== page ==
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10 Amazing Astronomical Relics

Ivan Farkas


In spite of astrology, the ancients accumulated a surprisingly large body of astronomical knowledge. This age-old love of stars bridges time and space. Most importantly, it reminds us of just how little we are.

10 Babylonian Jupiter Tablet

The ancient Babylonian people in what is now modern-day Iraq obsessed over the stars long before the birth of Christ. A set of ancient tablets from the early centuries BC have revealed planetary math that was previously credited to 14th-century Europeans.

The Babylonians followed heavenly bodies across the sky and appointed them as prognosticators of Earthly events, birthing “modern” astrology and the 12 zodiacal signs.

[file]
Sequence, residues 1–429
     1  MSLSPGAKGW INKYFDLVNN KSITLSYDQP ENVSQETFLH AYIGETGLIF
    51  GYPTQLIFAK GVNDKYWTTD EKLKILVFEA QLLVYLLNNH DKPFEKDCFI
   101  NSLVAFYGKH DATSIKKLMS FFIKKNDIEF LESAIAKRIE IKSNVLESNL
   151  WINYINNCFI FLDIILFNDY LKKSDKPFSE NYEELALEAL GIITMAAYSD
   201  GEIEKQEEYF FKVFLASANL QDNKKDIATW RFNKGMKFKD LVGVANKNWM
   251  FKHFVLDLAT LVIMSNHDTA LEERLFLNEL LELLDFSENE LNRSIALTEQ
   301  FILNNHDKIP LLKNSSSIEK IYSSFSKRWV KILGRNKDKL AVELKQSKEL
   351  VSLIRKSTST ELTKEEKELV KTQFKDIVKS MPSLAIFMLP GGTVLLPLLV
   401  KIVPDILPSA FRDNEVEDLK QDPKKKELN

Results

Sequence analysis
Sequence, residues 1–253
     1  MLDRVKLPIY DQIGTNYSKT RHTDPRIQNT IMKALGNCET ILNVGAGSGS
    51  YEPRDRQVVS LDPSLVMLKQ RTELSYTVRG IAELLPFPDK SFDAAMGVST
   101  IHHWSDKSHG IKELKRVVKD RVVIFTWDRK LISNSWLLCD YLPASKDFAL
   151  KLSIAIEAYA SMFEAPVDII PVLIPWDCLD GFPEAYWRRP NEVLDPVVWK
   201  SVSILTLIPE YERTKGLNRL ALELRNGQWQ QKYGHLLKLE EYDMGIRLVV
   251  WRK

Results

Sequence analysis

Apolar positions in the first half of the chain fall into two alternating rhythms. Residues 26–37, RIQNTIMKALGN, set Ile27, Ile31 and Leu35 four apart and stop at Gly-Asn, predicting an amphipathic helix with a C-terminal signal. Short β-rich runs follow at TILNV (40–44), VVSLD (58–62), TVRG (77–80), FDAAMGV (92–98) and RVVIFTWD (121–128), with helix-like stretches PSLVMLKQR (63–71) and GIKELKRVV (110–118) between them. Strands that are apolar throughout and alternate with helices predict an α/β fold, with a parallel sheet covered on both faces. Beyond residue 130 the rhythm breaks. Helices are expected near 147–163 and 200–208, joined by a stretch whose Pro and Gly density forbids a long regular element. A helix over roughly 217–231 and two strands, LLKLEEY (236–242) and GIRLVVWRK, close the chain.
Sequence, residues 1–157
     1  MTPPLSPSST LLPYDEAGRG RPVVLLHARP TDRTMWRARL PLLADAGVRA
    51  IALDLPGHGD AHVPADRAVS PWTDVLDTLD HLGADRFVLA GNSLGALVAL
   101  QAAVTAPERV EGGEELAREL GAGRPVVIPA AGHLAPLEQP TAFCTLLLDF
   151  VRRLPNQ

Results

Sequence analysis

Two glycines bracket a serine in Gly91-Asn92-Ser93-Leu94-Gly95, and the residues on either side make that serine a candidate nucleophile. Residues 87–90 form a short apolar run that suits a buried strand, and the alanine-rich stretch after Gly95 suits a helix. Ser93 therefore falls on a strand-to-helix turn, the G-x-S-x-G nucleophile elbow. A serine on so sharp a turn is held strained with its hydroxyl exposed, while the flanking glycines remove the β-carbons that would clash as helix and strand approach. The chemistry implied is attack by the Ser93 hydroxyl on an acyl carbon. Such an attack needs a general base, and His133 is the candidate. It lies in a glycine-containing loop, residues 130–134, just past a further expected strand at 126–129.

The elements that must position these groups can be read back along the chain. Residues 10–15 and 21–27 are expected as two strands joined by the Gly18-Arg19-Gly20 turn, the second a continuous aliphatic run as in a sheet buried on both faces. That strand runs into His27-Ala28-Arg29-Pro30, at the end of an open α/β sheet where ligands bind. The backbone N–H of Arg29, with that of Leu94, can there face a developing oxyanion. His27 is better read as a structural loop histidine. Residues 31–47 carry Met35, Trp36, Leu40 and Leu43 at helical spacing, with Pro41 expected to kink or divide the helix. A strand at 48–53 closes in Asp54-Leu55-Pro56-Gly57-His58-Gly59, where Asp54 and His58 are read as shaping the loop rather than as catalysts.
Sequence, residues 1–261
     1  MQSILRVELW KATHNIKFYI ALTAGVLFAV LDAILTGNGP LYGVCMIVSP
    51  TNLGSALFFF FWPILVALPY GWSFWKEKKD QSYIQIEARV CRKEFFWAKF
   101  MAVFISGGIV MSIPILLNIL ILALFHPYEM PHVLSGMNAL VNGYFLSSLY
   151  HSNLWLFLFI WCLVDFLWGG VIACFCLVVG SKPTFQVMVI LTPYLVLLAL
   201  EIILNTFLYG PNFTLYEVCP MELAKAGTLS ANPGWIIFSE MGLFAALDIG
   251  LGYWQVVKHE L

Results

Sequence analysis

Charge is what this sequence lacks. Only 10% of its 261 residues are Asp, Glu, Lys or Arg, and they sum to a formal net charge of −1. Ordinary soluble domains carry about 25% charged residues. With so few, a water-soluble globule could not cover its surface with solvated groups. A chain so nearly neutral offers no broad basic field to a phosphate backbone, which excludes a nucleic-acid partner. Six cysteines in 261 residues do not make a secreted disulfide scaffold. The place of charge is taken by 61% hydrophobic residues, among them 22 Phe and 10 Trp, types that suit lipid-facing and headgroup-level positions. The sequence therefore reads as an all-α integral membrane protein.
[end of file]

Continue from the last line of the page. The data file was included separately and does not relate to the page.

They also tracked Jupiter with beautiful precision, yet it took a good deal of detective work to figure it out. For some time, lead researcher Mathieu Ossendrijver poured over four mysterious cuneiform tablets that bore no direct mention of mighty Jupiter.

Instead, the tablets prattled on about an arcane branch of trapezoidal mathematics. Ossendrijver believed that the data might be astronomical in nature. It just felt spacey, but he was otherwise stumped.

In 2014, a colleague sent him a photograph of a fifth tablet. When Ossendrijver translated the image, he found that it detailed a geometric calculation of Jovian motion.

The tablets recorded Jupiter’s movements across time to ascertain the distance traveled by our most prominent gas giant. It’s an ancient position versus time graph that was used for the serious business of predicting fruitful harvests and other agricultural milestones.